Say I have a sorted numpy array:
arr = np.array([0.0, 0.0], [0.5, 0.0], [1.0, 0.0], [0.0, 0.5], [0.5, 0.5], [1.0, 0.5], [0.0, 1.0], [0.5, 1.0], [1.0, 1.0])
and suppose I make a non trivial operation on it such that I have a new array which is the same as the old one but in another order:
arr2 = np.array([0.5, 0.0], [0.0, 0.0], [0.0, 0.5], [1.0, 0.0], [0.5, 0.5], [1.0, 0.5], [0.0, 1.0], [1.0, 1.0], [0.5, 1.0])
The question is: how do you get the indices of where each element of
arr2 are placed in
arr. In other terms, I want a method that takes both arrays and return an array the same length as
arr2 but with the index of the element of
arr. For example, the first element of the returned array would be the index of the first element of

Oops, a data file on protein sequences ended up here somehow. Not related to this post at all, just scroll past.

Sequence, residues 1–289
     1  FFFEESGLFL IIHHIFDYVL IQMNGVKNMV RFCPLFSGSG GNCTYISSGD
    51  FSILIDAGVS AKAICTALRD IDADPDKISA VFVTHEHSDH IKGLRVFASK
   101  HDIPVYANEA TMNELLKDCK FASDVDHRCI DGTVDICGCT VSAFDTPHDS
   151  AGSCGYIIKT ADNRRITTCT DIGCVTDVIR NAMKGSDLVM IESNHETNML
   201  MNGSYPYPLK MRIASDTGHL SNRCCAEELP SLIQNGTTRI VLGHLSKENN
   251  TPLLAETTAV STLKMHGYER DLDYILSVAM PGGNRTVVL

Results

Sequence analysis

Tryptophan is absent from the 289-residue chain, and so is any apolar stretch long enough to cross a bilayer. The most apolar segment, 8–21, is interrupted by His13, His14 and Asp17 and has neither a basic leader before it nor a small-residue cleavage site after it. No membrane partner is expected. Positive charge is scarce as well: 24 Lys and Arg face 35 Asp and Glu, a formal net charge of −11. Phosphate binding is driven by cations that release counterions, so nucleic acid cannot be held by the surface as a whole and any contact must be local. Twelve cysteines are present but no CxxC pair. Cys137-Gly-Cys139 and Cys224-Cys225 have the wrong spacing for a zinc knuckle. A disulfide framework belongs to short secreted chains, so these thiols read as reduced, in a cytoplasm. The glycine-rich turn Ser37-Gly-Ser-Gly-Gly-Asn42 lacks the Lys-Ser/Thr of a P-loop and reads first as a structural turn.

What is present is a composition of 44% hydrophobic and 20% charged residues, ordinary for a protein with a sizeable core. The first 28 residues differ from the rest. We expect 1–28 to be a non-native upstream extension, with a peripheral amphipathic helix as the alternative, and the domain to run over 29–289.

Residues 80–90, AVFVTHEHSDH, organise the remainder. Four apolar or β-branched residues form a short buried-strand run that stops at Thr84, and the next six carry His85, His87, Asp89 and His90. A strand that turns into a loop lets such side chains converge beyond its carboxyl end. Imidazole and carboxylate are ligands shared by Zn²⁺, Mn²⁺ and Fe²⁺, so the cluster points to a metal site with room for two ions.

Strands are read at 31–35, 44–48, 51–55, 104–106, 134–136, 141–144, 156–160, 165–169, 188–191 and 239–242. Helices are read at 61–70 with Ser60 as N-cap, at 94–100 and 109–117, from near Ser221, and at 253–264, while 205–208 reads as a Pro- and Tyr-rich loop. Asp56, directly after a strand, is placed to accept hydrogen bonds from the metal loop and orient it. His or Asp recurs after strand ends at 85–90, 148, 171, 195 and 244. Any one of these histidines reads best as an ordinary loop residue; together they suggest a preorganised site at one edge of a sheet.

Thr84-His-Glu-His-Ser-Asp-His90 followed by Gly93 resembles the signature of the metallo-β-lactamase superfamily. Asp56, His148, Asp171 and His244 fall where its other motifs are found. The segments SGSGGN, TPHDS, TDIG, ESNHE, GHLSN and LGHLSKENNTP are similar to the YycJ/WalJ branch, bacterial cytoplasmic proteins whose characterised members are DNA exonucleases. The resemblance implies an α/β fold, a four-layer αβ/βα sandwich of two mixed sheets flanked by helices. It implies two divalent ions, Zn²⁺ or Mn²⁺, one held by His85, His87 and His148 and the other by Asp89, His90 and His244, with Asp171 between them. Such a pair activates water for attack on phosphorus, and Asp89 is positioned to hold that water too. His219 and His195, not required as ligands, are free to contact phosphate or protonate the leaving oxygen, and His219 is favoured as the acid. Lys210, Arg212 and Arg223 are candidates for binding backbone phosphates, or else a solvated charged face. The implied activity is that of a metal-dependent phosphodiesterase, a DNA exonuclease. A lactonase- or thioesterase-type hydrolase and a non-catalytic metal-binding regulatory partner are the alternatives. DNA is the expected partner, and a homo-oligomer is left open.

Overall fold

where_things_are(arr2, arr) return : array([1, 0, 3, 2, 4, 5, 6, 8, 7])
Does a function like this already exists in numpy?
np.array([np.where((arr == x).all(axis=1)) for x in arr2])
which returns what I want, but my question still holds: is there a more efficient way of doing this using numpy methods?
It should also work if the length of
arr2 is not the same as the length of the original array (like if I removed some elements from it). Thus it is not finding and inverting a permutation but rather finding where elements are located at.